August 8, 1966—Simultaneously with the Beatles’ release of their seventh album, Revolver, in the United States, the Fab Four’s single “Eleanor Rigby/Yellow Submarine” appeared. The latter tunes from the LP offered fresh evidence that, even when recording a pop novelty song, the group was prepared to pull out all the stops in the studio—and that, when they became more ambitious, they could stretch the limits of the prototypical rock ‘n’ roll song like nobody except Bob Dylan.
It’s a measure of the Beatles’ greatness that you'll find partisans lining up behind different disks when asked about their favorite LP. Sergeant Pepper’s Lonely Hearts Club Band, of course, set standards as a concept album; Abbey Road featured the great Side 2 medley as well as the George Harrison works that marked him as an indelible songwriting force, “Here Comes the Sun” and “Something”; and The Beatles (a.k.a. The White Album), as a double album, featured as much of their work released at one point that anyone could ever want.
I recognize all of these arguments,.and yet I still would claim that Revolver bests them all, surpassed in the Beatles’ entire opus only by its immediate predecessor, Rubber Soul. It exhibits much of the sense of experimentation that marked Sergeant Pepper’s, and, though not achieving the same sense of artistic unity as the 1967 LP, maintains a more consistently high level among its songs. (Even tunes that did not climb the charts as singles were superb examples of their songwriting skills, as I realized several years ago at a Marshall Crenshaw concert, when that talented singer-songwriter paid tribute to the recently deceased Harrison by playing John Lennon’s “I’m Only Sleeping.”)
While Harrison did not reach the songwriting heights he would later scale on Abbey Road, the creative straitjacket in which he had operated until 1966—no more than two songs for each LP—was loosened enough to allow him a third song on Revolver—and gave Lennon and Paul McCartney, already challenging and competing with each other, still another force to reckon with within the band. Moreover, Revolver represented a point when Lennon and McCartney were still functioning, to some extent, as collaborative songwriters. (By the time of Abbey Road and the near-disastrous Let It Be, they were simply bringing their contributions pretty much fully formed separately to the studio.)
Lennon’s influence on the tone of Revolver is the most evident of the four musicians. In particular, “Tomorrow Never Knows” seems felicitously placed as the concluding tune, heralding not only Sergeant Pepper’s but also the entire drug-influenced “psychedelic rock” movement to follow. Two years removed from “Can’t Buy Me Love,” Lennon was taking Beatlemania on a long, strange trip indeed.
Over the years, Lennon has gained something of an upper hand over Paul McCartney for his lyrics. At his best, however, with someone prodding him to produce something other than silly love songs, Paul could be far more than the so-called “cute Beatle,” and “Eleanor Rigby” shows why.
For fans who wanted a slow, meditative, thoughtful love song, McCartney supplied “Here, There and Everywhere.” For those who wanted one of his optimistic anthems, “Got to Get You Into My Life” provided an especially brassy jump-starter.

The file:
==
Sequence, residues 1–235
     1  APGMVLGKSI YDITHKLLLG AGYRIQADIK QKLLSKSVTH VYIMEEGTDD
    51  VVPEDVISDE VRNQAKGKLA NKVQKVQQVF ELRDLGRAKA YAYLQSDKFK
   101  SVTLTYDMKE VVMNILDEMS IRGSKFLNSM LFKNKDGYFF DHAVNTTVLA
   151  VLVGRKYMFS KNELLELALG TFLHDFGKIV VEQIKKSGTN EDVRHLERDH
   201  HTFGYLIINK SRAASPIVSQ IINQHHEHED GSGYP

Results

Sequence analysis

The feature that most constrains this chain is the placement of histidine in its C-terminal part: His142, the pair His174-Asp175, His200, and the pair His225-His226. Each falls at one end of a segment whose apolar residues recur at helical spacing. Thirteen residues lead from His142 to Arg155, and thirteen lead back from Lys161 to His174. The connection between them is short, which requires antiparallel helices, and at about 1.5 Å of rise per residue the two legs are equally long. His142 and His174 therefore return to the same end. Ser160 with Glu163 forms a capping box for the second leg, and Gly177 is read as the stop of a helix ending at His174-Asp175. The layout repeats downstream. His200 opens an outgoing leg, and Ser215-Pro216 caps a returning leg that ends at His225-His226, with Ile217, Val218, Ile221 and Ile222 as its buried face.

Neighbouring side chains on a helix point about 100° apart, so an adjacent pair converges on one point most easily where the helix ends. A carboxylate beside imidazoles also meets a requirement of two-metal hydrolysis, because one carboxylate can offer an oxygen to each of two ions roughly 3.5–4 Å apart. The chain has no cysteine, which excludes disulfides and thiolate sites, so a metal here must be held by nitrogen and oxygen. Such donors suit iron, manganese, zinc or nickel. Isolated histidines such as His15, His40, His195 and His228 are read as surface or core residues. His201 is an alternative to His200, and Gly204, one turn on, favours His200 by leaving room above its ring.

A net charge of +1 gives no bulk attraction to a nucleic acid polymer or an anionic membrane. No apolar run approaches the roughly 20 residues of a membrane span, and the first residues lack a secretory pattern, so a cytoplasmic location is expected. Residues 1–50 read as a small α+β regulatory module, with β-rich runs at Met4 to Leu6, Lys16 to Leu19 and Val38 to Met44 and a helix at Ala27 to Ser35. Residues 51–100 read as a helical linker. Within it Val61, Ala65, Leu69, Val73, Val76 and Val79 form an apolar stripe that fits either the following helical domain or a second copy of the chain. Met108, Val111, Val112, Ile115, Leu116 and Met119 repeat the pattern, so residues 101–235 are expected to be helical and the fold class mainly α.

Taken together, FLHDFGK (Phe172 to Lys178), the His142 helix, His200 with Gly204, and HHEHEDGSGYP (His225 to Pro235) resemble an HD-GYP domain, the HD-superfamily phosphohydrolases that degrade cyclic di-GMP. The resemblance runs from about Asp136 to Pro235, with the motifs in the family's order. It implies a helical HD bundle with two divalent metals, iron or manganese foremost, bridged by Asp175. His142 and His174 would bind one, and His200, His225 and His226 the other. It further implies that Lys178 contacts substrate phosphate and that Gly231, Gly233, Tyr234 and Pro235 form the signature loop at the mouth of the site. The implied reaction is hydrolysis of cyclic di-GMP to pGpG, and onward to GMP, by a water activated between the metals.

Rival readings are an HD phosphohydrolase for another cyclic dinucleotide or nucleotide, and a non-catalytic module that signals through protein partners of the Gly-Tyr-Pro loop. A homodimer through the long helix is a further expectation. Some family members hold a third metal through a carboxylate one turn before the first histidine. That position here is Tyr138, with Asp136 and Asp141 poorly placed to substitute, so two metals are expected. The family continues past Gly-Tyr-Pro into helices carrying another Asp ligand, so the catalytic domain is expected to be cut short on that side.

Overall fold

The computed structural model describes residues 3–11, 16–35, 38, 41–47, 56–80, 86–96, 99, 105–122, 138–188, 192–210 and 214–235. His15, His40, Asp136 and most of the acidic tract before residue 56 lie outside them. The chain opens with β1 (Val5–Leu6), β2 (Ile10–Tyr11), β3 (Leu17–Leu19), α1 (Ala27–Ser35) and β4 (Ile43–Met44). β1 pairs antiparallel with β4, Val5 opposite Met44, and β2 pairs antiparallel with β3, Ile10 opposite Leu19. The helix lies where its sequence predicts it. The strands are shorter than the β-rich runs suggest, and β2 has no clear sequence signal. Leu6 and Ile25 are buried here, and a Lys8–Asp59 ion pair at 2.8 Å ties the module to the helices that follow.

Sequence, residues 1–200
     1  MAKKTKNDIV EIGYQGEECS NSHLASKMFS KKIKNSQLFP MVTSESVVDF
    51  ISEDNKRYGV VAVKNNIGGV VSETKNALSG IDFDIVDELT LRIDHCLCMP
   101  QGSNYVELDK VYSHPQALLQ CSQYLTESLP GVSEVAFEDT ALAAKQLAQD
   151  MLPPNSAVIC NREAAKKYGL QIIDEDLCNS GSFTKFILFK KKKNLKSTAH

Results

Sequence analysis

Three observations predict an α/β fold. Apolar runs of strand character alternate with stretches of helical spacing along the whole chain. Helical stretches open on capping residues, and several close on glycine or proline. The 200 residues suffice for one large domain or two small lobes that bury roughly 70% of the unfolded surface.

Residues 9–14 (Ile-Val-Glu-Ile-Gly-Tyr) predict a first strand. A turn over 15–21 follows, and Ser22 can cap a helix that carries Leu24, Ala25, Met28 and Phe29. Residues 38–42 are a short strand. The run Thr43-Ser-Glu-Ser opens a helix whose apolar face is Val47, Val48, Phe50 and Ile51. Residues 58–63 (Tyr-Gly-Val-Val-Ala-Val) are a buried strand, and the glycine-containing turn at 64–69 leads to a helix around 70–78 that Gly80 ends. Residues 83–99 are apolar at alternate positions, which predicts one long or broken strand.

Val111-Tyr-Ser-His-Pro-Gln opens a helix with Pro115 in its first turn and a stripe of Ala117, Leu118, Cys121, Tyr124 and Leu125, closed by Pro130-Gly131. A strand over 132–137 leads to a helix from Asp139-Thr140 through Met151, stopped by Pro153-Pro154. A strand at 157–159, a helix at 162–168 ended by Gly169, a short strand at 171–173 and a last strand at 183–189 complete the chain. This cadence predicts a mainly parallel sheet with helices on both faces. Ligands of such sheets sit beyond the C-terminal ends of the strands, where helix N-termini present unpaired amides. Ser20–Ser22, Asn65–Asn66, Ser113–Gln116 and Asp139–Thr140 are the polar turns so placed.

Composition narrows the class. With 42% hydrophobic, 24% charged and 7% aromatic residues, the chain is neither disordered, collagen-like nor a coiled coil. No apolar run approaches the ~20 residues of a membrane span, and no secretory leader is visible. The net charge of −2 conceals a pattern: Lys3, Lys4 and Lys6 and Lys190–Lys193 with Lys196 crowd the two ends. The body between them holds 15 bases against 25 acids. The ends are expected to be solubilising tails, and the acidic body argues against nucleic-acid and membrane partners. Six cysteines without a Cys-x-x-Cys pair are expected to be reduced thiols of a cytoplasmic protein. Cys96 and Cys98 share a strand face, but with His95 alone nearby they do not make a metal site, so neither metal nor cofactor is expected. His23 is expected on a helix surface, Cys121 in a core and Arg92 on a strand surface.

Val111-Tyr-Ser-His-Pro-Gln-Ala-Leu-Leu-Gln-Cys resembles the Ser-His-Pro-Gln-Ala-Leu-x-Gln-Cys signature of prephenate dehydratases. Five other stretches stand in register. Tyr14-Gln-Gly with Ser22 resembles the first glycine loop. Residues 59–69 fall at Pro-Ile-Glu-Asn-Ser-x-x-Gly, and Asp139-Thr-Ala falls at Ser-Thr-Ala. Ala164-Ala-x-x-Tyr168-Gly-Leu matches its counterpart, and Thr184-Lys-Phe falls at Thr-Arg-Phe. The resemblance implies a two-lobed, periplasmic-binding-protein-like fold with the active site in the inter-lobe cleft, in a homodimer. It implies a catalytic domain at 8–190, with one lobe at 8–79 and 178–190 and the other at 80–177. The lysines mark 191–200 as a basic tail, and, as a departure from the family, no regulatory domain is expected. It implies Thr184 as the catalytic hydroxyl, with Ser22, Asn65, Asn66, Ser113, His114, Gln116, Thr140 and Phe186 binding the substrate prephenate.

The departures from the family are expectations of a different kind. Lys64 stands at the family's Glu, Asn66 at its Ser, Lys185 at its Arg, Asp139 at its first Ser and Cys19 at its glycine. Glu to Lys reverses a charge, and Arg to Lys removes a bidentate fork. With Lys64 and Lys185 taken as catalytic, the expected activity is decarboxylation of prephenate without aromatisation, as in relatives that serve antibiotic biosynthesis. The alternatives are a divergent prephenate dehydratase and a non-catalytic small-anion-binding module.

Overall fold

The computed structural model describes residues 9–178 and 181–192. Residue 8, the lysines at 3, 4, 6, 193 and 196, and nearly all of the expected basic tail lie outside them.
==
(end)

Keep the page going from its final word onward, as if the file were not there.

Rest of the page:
But “Eleanor Rigby” was something radically different from anything he had written before, and maybe different from anything anyone in the band, Lennon included, would do again. It’s a bifurcated narrative with two figures, Eleanor Rigby and Fr. MacKenzie, united only in their loneliness and sense of futility.
Most astonishingly for a McCartney song, there is no happy ending. But, unlike a frequent Lennon attitude, there was no irony or cynicism, either, only a cry of sympathy: “Ah, look at all the lonely people!”
Just as unusual, “Eleanor Rigby” did not contain a single instrument commonly associated with rock ‘n’ roll: no guitar, no piano, no drums, no bass. While the Beatles join in the vocals, none plays an instrument here. Instead, session musicians were employed for the four violins, two violas, and two cellos.
McCartney, who had been listening to quite a bit of classical music in the months leading up to the album, shared his idea of all-strings instrumentation with producer George Martin. The latter, in turn, found inspiration in the film scores of Bernard Herrmann, Alfred Hitchcock’s longtime collaborator. The most notable impressions left by the song, then, are tension and lack of musical resolution—aural counterparts to life.
For his recent Yankee Stadium appearance, McCartney had five decades of songs from which to draw. But the fact that he included “Eleanor Rigby” on the set list for his 2 1/2-hour concert says much about his justifiable pride in the song—a pride reflected in its powerful influence on other, later rock ‘n’ rollers.
For instance, an account of the life of Elvis Costello, Graeme Thomson’s Complicated Shadows, has a short section on the making of The Juliet Letters, the string-oriented album that the musical polyglot made in 1993 with the Brodsky Quarter. Costello was trying to explain several years later why, despite success overseas, the album failed to catch on stateside, recounting his conversation with a clueless record company exec:
“This Juliet Letters would be all right if it just sounded more like ‘Eleanor Rigby.’ I said, ‘Yeah, but Paul McCartney already made that record. Why would we want to make that again? We’re trying to make a record that’s not like ‘Eleanor Rigby.’”
Ah, Harold Bloom’s “anxiety of influence”—his idea that texts are inevitably a response to what preceded them--would get quite a workout in this case. A record “not like ‘Eleanor Rigby’”? It wasn’t there on the basis of the evidence. McCartney’s collaborator on “My Brave Face” and “Veronica” might have been better served by frankly acknowledging that he was trying to create something even greater than that single, hard as it was to imagine.